“I have heard there are troubles of more than one kind. Some come from ahead and some come from behind. But I’ve bought a big bat. I’m all ready you see. Now my troubles are going to have troubles with me!” 
― Dr. Seuss

When I was in grade 9 I had major social anxiety. Those that know me now, can’t even fathom how it is possible, but my biggest hurdle in life at the time was trying to figure out how to make friends. I had no confidence, I was shy and scared of people and the process of making a buddy that would call me up to hang out felt like trying to climb Mount Everest and being five years old and trying to figure how to tie my shoe, all wrapped into one hopeless conquest.

I cried almost every day, and spent a good part of the year every Tuesday at a counsellor’s office, (shout out Maureen Smith wherever you are), trying to walk myself back from the edge of the cliff of social anxiety that my feet felt glued to.

It seemed like there had to be a way, but I had no idea how to make it happen. It grew into a sensation of panic, until I stared at my grade 9 yearbook at the end of the year and wondered, what the hell is going to happen if I didn’t have anything to write in my cute grade 12 write up when everyone uses initials and writes all the inside stories that happened with their friends.

Would my page just be left blank?

This fear consumed me and life just felt like it was out of my hands, and out of my control. Afraid of being rejected in making the first move with people, I just didn’t try, and thus I was alone. For an entire school year.

One day, I don’t know how it happened, or when it happened, but I had an ah-ha moment (has Oprah trademarked that yet?) – There was actually a way that I had control over this. I would focus on being the absolute best person and friend that I could be – and then- I’d put myself out there, this wonderful friend and person, and if people didn’t want to be my friend it wouldn’t be something for me to worry about. My focus would be on being as great as I could be, and rejection could just be let go, and any angst would be comforted in the knowledge that it was their loss, not to have someone so awesome in their life.

But the other thing that I realized in this social transformation, was that a lot of people had space to be blessed with someone great in their lives. Once I started focusing on what I could control and the process of being great, I lost the anxiety, and like a magnetic quality, people started to be drawn to me.

Pretty soon, instead of peace-ing out of the school at lunchtime to walk alone around the neighborhood so people wouldn’t know I had no one to eat with, I was stressed out about having too many friends and would say yes to too many plans on a Friday night. Enveloped in a wave of social madness, life became enjoyable again. An added bonus through going through such a hard time, was to this day it made me be empathetic and open and understanding to anyone in a social setting, and to seek those out that seem most uncomfortable, since I spent many a day as that person.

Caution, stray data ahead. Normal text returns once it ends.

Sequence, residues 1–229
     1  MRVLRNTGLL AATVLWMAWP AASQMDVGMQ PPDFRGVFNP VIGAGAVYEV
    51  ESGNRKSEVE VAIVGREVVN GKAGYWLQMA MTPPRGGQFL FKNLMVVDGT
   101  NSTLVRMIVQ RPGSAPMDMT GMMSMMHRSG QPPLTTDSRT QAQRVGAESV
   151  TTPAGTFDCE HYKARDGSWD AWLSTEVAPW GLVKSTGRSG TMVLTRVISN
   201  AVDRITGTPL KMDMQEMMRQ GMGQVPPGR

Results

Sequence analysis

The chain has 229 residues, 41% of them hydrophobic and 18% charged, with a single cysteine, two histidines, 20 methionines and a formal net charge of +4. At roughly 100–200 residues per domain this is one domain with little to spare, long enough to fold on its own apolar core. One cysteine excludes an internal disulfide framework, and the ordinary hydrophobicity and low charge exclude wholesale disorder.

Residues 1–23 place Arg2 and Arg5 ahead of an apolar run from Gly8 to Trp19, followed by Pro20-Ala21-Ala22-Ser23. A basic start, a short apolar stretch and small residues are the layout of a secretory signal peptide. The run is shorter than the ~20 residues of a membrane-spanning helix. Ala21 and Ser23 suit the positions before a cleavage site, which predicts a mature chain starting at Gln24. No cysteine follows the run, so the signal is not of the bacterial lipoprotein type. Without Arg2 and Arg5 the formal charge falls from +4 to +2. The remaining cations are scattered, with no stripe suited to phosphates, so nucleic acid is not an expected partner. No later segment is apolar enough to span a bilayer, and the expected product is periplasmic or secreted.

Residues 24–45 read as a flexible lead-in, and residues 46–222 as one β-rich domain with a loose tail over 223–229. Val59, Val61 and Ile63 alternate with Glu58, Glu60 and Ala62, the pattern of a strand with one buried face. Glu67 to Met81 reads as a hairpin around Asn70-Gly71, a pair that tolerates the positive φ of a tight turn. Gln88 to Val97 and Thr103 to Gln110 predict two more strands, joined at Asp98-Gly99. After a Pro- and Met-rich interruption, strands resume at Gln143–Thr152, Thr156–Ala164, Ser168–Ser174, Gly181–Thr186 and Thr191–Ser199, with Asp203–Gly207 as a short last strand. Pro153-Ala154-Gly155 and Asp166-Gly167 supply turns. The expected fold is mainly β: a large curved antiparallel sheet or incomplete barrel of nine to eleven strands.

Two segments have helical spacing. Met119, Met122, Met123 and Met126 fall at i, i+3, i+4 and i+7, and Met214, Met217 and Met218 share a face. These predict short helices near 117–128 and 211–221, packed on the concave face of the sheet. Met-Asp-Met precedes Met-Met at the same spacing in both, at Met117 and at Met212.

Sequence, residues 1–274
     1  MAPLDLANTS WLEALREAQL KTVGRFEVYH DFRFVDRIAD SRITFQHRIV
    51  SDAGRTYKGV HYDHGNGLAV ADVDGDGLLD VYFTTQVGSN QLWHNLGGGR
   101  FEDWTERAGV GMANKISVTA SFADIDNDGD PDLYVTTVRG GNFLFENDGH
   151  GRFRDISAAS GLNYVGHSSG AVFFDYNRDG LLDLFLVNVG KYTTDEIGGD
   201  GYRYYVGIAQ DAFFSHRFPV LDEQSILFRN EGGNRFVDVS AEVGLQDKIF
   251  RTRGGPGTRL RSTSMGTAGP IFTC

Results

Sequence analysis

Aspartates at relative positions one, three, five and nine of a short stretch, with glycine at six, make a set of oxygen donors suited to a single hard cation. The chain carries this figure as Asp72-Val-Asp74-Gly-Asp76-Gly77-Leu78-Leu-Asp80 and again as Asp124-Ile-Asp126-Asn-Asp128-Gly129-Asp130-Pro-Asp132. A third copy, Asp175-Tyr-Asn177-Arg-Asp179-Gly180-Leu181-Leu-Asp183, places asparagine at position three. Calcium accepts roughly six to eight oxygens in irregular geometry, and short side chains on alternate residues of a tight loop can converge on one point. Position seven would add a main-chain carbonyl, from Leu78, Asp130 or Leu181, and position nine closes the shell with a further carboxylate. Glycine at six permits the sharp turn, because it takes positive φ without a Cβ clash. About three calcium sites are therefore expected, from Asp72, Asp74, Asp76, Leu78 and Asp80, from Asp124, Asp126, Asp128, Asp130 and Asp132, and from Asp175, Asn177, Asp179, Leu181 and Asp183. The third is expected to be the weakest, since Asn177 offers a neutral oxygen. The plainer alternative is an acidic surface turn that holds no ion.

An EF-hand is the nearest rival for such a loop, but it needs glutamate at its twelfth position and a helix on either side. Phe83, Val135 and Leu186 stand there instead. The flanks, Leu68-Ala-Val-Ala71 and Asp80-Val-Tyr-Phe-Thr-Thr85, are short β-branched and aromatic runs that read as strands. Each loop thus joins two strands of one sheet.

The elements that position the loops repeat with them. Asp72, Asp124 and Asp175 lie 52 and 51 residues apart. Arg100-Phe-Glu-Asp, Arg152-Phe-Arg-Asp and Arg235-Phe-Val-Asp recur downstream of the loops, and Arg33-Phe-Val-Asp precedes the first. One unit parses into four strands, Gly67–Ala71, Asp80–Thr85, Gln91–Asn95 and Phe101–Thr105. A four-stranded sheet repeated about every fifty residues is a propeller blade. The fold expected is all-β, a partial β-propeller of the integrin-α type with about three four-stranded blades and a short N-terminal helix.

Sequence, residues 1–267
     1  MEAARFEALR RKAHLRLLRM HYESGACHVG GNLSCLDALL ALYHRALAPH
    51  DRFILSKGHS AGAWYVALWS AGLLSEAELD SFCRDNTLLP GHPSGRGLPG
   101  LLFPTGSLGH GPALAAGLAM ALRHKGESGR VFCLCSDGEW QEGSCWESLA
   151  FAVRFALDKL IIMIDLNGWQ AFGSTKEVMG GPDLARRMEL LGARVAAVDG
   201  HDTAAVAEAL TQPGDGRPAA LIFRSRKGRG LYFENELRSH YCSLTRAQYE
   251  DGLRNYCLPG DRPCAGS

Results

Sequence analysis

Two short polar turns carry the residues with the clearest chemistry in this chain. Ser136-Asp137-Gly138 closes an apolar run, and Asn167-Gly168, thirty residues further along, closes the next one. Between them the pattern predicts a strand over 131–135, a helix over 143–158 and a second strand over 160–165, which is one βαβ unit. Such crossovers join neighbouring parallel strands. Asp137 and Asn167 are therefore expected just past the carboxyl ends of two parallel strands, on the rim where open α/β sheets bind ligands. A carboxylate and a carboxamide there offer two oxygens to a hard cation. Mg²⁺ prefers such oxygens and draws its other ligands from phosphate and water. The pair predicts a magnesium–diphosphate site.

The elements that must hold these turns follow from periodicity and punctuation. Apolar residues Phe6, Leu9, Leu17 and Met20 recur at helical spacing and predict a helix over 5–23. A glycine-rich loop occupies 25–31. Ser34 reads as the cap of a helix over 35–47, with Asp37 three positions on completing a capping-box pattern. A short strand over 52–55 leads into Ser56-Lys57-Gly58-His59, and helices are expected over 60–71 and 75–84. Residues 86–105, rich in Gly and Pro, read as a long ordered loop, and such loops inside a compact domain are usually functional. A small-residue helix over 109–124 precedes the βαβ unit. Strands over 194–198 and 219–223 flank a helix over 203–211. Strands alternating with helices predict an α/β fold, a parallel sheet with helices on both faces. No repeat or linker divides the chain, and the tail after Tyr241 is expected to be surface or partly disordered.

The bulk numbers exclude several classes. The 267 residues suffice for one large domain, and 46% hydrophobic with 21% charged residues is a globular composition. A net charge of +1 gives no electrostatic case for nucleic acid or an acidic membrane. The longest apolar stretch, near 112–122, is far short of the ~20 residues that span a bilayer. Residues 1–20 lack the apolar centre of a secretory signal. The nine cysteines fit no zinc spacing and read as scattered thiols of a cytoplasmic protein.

This lesson followed into other areas of my life when I felt the fear of rejection starting to claw into me, for example with soccer. Instead of worrying about if I would make a team, I just decided that I would do everything in my power to make myself so irreplaceable and such a great member, that if I wasn’t chosen, that I could have no energy expended in anything besides knowing that it was that team or program’s loss and there’d be another team around the corner that I’d be a tremendous asset to.

I bring this story up because I am around a lot of players these days going through the recruiting process. It is a tough process, and for kids these days, getting to a college is the equivalent of trying to figure out how to climb Mount Everest. Rejection slaps its full weight on players and sometimes the burden of being told no many times, makes people question what they are doing and takes the enjoyment out of the process, because there is a high stakes outcome. And some understandably question if it’s worth soldiering on.

My advice for any player going through the recruiting process, or anyone going through life and it’s inevitable challenges is to focus on being the best you that you can possibly be. Every morning, I like to say, we wake up with a vat of energy. We have the privilege of choosing who and what we spend that energy on. And the best use of that energy is always to focus on the positive and also to focus on enjoying the process of becoming the best version of yourself. If you want to be a musician, play your guitar and practice not waiting for stardom to happen. If you’re a soccer player, take a ball out and enjoy and relish those days when you take a little touch and you feel the impact of the 10,000 touches you took to get there.

Because at the end of the day, all you can do is be the best version of you.

And obviously, no one in their right mind is going to say no to that.

 

 

 

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